Our officers were dispatched to an alarm that had been set off in a local business in the Keating Industrial area. When two suspects were seen fleeing from the building by the attending officers, all units from both agencies quickly responded to the scene apprehending the two suspects who had gone to ground near some fencing.  Shortly after that, our Police Service were dispatched to a report of a pick up truck driving erratically tearing up yards in a four wheel drive. With the direction of travel of the suspect vehicle unknown, both agencies began looking for the vehicle. One of the Sidney RCMP officers located it near our North Border. In the end he arrested the driver for impaired driving and I conducted the breath tests at our office. The driver was found to be operating the vehicle while being over twice the legal limit. He was charged with impaired driving and the vehicle was removed from the road as it was in such poor mechanical condition it was a safety hazard. There were three other passengers in the vehicle all of which had been drinking as well.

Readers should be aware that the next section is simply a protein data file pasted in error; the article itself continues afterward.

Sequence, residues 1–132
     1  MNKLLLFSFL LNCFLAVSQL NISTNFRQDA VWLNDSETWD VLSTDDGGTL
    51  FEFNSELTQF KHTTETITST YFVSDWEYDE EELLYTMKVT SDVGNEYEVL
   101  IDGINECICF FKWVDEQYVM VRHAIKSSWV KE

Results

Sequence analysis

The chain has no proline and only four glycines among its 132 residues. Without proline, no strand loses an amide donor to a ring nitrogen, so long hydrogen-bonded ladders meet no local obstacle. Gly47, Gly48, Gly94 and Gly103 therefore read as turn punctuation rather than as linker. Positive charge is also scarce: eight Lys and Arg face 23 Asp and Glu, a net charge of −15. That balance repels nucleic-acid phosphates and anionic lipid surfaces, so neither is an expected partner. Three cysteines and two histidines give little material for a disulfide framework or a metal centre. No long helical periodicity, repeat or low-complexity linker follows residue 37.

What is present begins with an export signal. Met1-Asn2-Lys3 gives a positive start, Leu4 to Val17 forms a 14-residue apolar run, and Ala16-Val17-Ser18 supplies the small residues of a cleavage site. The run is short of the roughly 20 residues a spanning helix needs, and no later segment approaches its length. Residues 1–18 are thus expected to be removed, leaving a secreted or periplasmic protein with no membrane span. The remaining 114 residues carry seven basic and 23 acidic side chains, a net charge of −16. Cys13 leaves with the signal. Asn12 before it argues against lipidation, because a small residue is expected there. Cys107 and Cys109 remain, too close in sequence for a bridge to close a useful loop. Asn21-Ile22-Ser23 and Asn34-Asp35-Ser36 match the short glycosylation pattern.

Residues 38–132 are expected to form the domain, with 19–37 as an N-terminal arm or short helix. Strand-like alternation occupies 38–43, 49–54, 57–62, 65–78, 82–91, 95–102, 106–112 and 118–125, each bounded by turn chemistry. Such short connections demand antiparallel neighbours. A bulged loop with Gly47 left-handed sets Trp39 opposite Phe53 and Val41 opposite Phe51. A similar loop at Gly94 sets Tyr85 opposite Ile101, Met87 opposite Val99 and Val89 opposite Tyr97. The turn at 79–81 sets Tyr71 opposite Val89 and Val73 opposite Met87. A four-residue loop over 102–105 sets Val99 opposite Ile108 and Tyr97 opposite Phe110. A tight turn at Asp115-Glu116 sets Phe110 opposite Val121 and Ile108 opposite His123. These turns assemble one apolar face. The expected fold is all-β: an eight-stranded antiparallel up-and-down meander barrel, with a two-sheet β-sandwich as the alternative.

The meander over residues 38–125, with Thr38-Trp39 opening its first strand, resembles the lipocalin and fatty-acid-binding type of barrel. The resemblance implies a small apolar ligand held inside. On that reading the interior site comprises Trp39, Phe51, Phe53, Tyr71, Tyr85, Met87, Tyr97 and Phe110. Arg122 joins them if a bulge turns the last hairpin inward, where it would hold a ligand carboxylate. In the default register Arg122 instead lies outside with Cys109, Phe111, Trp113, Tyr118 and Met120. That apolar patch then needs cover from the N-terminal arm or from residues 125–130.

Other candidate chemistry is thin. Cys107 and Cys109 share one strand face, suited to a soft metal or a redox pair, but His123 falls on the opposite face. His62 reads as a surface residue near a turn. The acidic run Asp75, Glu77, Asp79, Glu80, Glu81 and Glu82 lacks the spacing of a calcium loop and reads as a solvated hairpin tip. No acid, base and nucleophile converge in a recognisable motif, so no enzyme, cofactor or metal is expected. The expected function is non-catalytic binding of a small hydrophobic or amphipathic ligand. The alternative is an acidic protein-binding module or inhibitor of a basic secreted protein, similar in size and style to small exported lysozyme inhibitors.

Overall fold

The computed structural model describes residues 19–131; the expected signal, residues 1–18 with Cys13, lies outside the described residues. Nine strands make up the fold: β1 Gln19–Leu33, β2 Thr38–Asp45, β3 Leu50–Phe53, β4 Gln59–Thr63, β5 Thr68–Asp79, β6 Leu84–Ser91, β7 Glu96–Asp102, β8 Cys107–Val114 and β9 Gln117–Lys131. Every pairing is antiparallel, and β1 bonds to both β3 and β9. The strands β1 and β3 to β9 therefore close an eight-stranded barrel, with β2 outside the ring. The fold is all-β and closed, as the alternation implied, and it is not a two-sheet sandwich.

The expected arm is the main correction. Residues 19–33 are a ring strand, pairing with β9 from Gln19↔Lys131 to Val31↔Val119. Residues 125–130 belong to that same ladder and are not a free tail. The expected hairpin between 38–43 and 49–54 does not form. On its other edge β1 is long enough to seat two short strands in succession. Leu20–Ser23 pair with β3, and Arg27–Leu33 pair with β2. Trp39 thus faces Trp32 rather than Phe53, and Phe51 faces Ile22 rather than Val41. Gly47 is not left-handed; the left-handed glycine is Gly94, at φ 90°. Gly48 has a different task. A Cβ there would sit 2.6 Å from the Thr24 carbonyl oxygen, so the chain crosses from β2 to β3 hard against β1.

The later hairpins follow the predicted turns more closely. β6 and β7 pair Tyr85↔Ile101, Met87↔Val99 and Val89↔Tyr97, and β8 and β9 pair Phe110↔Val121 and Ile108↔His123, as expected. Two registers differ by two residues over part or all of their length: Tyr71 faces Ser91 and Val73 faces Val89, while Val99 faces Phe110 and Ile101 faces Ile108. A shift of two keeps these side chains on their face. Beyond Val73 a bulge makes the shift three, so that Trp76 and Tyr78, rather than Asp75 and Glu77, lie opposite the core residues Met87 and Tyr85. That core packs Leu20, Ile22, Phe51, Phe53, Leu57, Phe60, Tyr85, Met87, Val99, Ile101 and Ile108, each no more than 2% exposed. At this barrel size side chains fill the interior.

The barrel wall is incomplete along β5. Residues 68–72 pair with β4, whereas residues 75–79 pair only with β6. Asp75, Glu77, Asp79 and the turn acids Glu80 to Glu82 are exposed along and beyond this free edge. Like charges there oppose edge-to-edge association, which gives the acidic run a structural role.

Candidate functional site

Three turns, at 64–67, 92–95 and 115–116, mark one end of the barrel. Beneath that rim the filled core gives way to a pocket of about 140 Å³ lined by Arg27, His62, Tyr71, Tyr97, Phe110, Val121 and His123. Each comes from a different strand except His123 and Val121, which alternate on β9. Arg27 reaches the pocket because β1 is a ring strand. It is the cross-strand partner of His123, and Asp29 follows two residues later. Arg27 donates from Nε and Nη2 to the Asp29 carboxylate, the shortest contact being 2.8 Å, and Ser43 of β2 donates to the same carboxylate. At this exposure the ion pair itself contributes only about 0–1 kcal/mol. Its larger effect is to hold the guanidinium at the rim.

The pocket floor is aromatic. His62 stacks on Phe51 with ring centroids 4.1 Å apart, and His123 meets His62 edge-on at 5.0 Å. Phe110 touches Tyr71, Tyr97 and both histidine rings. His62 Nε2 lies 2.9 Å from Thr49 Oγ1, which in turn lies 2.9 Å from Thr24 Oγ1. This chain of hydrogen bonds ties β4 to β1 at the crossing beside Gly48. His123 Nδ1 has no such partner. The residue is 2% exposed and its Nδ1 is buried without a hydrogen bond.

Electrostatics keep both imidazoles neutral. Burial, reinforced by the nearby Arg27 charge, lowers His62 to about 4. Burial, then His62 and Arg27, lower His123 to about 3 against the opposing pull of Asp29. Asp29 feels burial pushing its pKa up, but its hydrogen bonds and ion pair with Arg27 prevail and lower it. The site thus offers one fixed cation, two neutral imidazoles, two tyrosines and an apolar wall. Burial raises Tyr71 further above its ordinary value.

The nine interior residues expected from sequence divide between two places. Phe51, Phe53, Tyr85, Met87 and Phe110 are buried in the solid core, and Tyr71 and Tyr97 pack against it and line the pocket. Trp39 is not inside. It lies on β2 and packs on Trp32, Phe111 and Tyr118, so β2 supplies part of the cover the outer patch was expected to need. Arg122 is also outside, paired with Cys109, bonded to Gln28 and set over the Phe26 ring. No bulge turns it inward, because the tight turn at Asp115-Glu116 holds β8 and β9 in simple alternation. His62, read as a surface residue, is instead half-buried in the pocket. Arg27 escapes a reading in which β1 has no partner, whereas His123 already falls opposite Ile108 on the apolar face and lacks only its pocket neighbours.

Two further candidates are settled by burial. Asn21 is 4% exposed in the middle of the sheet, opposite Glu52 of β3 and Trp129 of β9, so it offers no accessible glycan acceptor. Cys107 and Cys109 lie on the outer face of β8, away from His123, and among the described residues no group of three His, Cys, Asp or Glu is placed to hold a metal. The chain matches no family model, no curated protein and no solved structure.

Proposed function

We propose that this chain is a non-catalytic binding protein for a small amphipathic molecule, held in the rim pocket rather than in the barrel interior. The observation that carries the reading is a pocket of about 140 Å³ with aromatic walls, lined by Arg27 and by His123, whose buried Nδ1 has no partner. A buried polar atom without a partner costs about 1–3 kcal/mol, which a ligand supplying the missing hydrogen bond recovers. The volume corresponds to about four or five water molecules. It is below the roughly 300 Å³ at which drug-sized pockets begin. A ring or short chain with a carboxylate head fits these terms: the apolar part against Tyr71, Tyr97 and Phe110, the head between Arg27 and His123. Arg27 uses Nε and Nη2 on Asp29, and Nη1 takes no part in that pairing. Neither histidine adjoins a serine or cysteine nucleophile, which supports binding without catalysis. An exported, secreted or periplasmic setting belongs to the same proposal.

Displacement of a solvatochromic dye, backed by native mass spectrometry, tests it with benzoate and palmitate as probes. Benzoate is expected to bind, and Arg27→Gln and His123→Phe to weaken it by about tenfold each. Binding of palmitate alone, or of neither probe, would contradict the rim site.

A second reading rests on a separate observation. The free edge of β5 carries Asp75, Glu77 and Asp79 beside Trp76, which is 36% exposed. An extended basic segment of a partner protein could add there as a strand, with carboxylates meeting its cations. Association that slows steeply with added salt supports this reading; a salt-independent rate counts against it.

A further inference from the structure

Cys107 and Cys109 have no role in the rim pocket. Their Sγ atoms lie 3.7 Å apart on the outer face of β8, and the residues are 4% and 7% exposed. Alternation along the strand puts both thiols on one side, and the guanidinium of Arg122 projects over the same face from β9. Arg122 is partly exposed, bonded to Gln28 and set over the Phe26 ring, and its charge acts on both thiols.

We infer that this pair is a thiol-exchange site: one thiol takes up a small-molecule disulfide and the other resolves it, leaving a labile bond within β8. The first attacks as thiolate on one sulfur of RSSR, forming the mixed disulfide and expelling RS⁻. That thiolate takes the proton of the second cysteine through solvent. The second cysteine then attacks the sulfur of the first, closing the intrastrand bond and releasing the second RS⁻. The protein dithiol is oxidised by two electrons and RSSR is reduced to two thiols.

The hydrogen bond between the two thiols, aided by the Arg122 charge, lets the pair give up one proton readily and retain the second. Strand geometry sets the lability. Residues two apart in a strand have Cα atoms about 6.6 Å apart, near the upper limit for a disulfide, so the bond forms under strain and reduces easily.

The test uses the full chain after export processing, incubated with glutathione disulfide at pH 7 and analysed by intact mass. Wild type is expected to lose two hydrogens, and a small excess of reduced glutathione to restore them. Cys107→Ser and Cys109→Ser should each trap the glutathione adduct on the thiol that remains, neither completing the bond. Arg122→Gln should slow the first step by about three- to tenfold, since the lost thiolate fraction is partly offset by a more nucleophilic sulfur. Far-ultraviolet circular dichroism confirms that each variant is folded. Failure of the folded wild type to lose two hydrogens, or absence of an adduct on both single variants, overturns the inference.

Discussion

I am often at words to explain why people continue to make such poor choices in their lives. With 25 years of police service behind me I am often asked that question. I don’t offer up much of an answer because I really don’t have one. In this case three people make a decision to climb into a vehicle that simply by a visual inspection alone, one could see it was in very poor condition.  In addition to this, they had been drinking with the driver throughout the night but that didn’t seem to be a concern to them. Given his level of intoxication, I find it difficult to believe they did not ask themselves “should I really be going with this person in that vehicle”?  It’s all about choices. With the exception of some minor property damage,  no one was hurt but we all know it could have been a lot worse. Much worse.

I took a bit of family time off the next set of days off to spend some time with my sister visiting  from Winnipeg. We were walking down by the Inner Harbour in Victoria when I received a call from one of my team members at 1.30 in the afternoon. He was looking for a breath test technician to do tests on an impaired driver involved in a collision.  One of the Sidney RCMP members helped us out and did the test for us given the time delays were are faced with. The driver was found to be just shy of three times the legal limit. Another one of my team members then picked up a second impaired driver around 4 o’clock later that afternoon.  Remarkably, that driver was also just shy of three times the legal limit. Choices.

Sgt. Rick Maillot

Central Saanich Police Service

“D” Watch